I first discovered Lesley Hazelton from the book “After the Prophet,” which discusses the Sunni-Shi’a split in post-Muhammad Islam. I couldn’t help but to read this book after enjoying “Prophet” so much.
Jezebel was the Queen married to Ahab in ancient Israel where the Bible tells us a significant amount. She was foreign and not a Jew, a sin Ahab would pay dearly for. The Bible tells us she also had to deal with the pesky prophets Elijah and Elisha. With this information, Hazelton tries to convince us that Jezebel, despite what the Bible may convey to us, that Jezebel has been unfairly demonized.
She wasn’t a “harlot” queen as they like to say, at least Hazelton argues. While the perspective is interesting, I believe where Hazelton goes too far is to assume that 21st century ethics and morals are embodied in an ancient peoples. For example, Hazelton argues that Jezebel was actually a powerful woman who acts and looks like CEO Cecil Richards who is being unfairly oppressed by the evils of a crazed religious man. Elijah, to Hazelton, is the enemy in this revisionists’ history; his weird dietary habits and uncouth clothing leave the reader thinking he was a crazed man who hears voices and not as much a prophet of God.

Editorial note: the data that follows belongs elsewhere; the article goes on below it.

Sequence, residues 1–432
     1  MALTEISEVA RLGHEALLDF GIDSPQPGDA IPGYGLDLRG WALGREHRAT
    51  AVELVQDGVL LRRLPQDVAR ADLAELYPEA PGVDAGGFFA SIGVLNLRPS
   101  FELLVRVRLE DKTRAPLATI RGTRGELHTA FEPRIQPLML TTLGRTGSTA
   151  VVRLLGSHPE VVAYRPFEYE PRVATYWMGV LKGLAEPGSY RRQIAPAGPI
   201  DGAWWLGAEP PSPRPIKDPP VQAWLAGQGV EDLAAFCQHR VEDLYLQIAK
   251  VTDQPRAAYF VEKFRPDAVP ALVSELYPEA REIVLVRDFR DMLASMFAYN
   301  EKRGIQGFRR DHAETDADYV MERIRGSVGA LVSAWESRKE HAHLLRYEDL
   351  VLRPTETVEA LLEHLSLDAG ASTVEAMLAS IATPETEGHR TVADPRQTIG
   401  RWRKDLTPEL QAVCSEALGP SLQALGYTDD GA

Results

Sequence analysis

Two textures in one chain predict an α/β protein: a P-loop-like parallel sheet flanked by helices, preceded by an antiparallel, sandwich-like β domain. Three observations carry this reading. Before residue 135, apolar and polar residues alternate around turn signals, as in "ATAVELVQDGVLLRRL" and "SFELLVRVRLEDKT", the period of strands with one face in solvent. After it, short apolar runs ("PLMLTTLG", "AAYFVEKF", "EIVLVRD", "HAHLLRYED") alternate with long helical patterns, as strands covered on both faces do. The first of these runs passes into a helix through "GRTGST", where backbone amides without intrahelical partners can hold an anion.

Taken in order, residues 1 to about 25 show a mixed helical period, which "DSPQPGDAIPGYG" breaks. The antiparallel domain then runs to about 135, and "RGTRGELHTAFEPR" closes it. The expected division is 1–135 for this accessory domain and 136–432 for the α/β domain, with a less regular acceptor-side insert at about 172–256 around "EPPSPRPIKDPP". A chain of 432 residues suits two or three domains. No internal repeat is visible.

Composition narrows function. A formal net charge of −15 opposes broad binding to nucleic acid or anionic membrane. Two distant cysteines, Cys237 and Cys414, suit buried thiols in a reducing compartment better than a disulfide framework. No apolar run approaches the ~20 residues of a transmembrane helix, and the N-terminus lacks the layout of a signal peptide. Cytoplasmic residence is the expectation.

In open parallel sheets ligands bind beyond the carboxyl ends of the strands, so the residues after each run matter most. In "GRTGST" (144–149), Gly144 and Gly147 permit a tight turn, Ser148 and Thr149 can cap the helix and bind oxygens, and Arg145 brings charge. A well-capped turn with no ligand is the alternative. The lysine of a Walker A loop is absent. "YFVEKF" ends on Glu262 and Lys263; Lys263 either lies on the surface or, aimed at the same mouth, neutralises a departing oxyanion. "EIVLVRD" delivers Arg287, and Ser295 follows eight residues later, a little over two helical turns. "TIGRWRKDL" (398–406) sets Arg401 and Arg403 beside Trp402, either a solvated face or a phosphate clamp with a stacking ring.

I think Hazelton has an interesting perspective, but I ultimately think it is wrong. Hazelton does too much to personify the 21st century woman and in turn, does a disservice to the ancient peoples.